Dear colleagues, I have questions regarding Biot-Savart law. From [1], it is shown that the equation (Biot-Savart) is derived from the solution to Poisson's equation (assuming here div A=0) \begin{equation} \vec{\nabla}^2 \vec{A} = -\mu \vec{J} \end{equation} which is \begin{equation} \vec{A}(\vec{r}) =\frac{\mu}{4\pi}\int_V{\frac{\vec{J}{\rm d}^3r'}{\left|\vec{r}-\vec{r'}\right|}} \end{equation} where $\vec{r}$ is the position where $\vec{A}$ is evaluated and $\vec{r'}$ is the position where the integral is evaluated. The first thing that troubles me is the singularity $\left|\vec{r}-\vec{r'}\right|$ when we evaluate the field at the point of integration. For a wire of finite radius, this means that the $\vec{A}$ field inside the conductor is infinite (or am I missing something?). If so, why in books on electromagnetics do we usually replace the conductor by an equivalent filamentary current $I=\vec{J}\cdot{\rm d}\vec{s}$? The field calculated inside the conductor will be different. This can be seen from the solution for the $\vec{B}$ field by using Ampere's equation (for the infinitely-long finite-radius wire) \begin{equation} B_{\theta}=\frac{\mu I}{2 \pi \rho} \end{equation}outside the wire \begin{equation} B_{\theta}=\frac{\mu I \rho}{2 \pi R_{wire}^2} \end{equation} inside the wire where $R_{wire}$ is the cross-section radius and $(\rho,\theta,z)$ are the cylindrical coordinates. This means essentially that the field at $\rho=0$ is zero and that it is proportional to $\rho$ inside the conductor and inversely proportional to $\rho$ on the outside. How can we get this from the solution to Poisson's equation for a finite-radius wire? The other thing that troubles me with the solution to Poisson's equation (second equation) is the value of the integrand when $\vec{r}=\vec{r'}$, but outside the wire (thus where J=0). This means we get a 0/0 integrand for each $\vec{r}$ outside the wire, which numerically gives NaN for the whole integral. Is this a problem analytically? because this contribution might (should) be 0, probably by using L'Hopital's rule (I guess). Best regards, M. [1] Smythe,W.R., "Static and dynamic electricity", McGraw-Hill, 1968.
M, I know the Poisson integral looks singular, but it is not. What you're forgetting about is the volume element. To see the behavior near r = r', write the integrand near that point in terms of a spherical coordinate, R = |r - r'|. Then d^{3}r = 4π R^{2} dR, and the integral is like ∫ 4π J(0) R dR, which is nonsingular. The factor in the numerator that comes from the volume element goes to zero faster than the denominator does.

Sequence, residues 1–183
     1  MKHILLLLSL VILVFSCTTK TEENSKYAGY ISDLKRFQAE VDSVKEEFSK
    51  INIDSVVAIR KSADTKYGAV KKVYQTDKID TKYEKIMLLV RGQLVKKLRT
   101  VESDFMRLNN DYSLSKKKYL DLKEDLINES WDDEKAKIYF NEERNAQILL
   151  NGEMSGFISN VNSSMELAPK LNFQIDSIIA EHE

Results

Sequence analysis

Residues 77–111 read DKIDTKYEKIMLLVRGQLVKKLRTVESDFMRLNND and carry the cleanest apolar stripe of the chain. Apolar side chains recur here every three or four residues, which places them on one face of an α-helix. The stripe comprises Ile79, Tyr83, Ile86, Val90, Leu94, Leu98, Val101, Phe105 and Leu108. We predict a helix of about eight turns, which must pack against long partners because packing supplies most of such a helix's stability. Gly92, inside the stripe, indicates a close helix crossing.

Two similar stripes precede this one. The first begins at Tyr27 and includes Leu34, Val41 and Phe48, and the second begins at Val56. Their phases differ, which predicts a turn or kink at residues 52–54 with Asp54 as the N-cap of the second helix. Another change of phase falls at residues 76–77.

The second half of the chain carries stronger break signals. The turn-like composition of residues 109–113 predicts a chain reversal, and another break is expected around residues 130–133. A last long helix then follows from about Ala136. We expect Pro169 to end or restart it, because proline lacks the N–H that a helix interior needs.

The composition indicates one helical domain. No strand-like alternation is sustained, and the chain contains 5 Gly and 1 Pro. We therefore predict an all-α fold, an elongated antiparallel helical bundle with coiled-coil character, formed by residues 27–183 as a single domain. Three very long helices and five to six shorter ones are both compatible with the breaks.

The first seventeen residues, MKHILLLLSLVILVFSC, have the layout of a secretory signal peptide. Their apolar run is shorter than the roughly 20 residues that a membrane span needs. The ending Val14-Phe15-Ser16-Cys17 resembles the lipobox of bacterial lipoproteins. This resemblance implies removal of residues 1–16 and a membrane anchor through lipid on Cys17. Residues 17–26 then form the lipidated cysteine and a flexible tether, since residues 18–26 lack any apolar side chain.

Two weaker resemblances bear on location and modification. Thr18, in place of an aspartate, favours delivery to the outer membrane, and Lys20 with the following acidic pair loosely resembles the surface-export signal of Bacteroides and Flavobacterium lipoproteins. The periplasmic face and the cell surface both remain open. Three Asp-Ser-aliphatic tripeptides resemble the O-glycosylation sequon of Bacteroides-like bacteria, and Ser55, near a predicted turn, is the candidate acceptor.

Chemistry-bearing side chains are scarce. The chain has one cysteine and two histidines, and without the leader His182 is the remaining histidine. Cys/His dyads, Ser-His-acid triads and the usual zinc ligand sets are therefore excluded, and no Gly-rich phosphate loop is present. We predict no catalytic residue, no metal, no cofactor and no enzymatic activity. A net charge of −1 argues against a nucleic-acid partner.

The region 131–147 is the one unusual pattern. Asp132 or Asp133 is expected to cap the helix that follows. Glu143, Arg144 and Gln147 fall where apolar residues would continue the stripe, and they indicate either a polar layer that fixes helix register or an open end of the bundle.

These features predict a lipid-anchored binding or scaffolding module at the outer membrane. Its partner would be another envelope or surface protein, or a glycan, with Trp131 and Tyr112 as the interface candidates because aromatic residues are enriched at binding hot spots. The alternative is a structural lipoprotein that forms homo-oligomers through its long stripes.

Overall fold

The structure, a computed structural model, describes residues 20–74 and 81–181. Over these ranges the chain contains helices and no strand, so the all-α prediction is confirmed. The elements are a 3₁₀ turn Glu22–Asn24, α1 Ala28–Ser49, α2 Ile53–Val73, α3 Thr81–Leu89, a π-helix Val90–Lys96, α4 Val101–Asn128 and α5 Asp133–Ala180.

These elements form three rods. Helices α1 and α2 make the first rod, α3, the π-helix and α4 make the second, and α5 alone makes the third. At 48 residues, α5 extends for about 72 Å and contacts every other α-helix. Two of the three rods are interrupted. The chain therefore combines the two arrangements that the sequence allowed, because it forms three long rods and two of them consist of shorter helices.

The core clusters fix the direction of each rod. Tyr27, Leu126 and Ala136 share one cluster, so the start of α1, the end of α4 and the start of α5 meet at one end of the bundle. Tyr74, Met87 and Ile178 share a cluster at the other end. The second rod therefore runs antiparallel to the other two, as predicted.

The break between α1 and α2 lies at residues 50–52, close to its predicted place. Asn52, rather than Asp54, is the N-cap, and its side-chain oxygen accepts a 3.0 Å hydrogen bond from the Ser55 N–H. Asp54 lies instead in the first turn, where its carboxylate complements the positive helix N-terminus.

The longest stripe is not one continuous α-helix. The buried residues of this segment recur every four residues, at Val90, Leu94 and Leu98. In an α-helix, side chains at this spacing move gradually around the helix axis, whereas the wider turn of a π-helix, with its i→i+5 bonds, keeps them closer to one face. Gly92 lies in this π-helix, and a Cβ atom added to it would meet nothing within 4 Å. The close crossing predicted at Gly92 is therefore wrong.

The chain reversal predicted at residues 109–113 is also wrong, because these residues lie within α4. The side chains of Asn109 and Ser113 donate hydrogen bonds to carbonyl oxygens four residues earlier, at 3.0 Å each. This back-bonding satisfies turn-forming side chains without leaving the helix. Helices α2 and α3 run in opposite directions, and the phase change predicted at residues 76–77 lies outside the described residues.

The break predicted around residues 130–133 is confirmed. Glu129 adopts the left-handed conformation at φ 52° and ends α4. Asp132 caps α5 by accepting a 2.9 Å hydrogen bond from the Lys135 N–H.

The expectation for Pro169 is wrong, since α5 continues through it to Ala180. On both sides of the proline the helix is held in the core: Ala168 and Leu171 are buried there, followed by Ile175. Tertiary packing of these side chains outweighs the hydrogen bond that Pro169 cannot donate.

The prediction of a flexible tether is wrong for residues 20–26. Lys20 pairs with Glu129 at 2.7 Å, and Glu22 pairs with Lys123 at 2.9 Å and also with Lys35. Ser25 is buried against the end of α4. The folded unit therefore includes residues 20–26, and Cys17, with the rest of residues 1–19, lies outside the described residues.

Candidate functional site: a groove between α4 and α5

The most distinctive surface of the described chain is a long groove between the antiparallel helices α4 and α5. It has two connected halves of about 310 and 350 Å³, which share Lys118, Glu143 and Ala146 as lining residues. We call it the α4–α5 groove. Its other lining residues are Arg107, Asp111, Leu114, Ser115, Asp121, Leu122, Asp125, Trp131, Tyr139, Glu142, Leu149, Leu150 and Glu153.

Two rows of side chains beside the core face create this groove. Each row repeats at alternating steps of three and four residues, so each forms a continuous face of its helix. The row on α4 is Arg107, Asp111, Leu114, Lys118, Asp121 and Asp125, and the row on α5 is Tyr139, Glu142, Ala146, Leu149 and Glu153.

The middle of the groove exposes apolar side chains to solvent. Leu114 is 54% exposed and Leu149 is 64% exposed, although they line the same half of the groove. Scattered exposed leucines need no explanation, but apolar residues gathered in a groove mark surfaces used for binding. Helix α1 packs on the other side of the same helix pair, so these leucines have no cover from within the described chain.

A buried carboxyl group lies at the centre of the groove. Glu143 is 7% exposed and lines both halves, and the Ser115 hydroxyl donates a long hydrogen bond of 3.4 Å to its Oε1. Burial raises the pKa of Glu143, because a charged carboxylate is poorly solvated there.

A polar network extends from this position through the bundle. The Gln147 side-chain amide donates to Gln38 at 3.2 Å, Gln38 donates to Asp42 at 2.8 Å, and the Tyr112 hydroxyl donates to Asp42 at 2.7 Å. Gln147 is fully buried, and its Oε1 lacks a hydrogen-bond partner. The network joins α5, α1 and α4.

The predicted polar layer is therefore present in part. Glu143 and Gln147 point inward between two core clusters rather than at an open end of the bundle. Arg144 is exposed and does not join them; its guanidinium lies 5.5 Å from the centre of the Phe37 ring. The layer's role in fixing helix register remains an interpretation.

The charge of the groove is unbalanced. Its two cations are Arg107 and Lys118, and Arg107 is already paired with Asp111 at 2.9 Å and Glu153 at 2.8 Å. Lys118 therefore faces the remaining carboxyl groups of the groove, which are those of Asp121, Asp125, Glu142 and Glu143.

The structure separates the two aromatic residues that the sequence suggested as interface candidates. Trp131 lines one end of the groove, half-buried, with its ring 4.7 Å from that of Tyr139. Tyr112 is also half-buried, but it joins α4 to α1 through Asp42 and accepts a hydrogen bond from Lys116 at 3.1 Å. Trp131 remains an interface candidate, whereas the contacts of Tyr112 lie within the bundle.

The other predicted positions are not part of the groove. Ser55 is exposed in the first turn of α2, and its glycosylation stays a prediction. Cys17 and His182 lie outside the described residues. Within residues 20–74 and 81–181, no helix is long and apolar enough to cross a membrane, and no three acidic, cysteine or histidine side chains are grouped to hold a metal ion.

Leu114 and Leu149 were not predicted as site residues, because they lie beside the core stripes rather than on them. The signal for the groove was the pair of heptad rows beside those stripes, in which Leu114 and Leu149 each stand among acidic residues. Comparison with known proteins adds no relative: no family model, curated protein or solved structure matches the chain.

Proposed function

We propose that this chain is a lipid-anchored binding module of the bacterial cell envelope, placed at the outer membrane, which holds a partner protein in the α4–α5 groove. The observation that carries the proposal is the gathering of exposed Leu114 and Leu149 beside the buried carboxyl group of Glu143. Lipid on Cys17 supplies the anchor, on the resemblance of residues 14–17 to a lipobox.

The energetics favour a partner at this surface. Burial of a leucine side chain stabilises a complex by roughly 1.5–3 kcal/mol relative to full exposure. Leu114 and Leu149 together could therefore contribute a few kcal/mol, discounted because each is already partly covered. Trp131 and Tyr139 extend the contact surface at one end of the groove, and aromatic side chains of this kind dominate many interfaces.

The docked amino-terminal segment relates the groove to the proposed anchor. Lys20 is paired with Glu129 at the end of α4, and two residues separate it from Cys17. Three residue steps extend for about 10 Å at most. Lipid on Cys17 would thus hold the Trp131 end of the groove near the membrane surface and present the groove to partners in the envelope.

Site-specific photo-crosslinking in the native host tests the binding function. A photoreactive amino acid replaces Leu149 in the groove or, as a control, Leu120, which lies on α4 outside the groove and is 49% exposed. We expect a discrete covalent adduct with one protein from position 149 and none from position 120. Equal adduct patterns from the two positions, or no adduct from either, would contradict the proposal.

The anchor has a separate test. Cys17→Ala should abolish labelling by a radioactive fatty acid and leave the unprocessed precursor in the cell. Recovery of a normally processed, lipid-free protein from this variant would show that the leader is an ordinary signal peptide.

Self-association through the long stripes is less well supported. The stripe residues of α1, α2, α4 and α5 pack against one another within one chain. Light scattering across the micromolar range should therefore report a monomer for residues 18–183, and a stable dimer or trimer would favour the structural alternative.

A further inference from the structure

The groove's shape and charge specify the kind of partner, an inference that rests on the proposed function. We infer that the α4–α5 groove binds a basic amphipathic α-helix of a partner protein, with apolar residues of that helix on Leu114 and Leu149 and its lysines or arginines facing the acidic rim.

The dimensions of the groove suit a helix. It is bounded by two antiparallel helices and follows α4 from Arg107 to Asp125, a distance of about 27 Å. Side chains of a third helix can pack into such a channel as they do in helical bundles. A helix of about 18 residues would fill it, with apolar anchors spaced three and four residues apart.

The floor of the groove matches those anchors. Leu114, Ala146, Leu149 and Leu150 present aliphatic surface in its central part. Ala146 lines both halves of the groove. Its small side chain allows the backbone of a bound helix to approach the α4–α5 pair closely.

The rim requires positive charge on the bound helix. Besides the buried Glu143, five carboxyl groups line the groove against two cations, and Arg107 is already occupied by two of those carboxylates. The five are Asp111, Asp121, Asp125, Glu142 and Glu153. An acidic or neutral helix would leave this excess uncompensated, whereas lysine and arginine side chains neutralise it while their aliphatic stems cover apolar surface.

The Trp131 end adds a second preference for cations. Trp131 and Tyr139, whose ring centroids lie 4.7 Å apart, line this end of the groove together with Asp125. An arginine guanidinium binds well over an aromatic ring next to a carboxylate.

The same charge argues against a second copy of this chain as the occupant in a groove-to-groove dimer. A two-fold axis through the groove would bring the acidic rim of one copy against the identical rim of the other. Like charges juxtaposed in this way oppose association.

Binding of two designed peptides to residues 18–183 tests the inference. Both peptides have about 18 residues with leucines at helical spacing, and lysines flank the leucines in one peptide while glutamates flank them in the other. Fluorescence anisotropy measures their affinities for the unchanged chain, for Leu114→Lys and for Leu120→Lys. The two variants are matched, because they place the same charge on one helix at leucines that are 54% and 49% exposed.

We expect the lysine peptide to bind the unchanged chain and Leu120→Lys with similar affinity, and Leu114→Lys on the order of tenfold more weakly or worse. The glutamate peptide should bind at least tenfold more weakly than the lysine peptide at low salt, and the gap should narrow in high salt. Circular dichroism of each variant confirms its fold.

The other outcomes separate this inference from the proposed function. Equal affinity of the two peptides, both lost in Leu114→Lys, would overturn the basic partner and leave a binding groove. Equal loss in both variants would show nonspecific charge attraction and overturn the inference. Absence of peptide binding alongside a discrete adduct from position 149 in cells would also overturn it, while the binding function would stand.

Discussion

How did the [itex]{\rm d}\theta[/itex] and [itex]{\rm d}\phi[/itex] disappear in spherical coordinates? Isn't that equivalent of considering an infinitesimal rectangular prism [itex]xy{\rm d}z[/itex] (which would also be an infinitesimal volume, but not infinitesimal in all three dimensions)? M.
In the immediate neighborhood of R = 0, the integrand is spherically symmetric and you can integrate at once over solid angle, producing the factor of 4π. In other words, ∫∫∫ ... d^{3}r = ∫∫∫ ... R^{2} dR d^{2}Ω = ∫ ... 4π R^{2} dR
As posted previously in the forums here: https://www.physicsforums.com/showthread.php?t=119419 the field of an infinite wire at r=0 is infinity. In your case, are saying that this field should be zero? From Green's function, it is normal to get infinite vector potential, since we assumed Dirac sources. So the filamentary current case is ok with me. However, what happens inside with a finite conductor (e.g. a cylindrical conductor)? Wouldn't that mean we get infinity everywhere inside? Or this is perhaps where I mix things up. thanks M.
According to [itex]\vec{j}=\sigma \vec{E}[/itex] you get a finite electric field inside a finite conductor. The solution of this standard magnetostatics problem, using the above (approximate, i.e., non-relativistic form of) Ohm's Law, for an infinite wire is a constant electric field along the wire.
I'm interested in the magnetic field B, not the electric field E. That's why I'm interested in the vector potential A, found from the solution of Poisson's equation. M.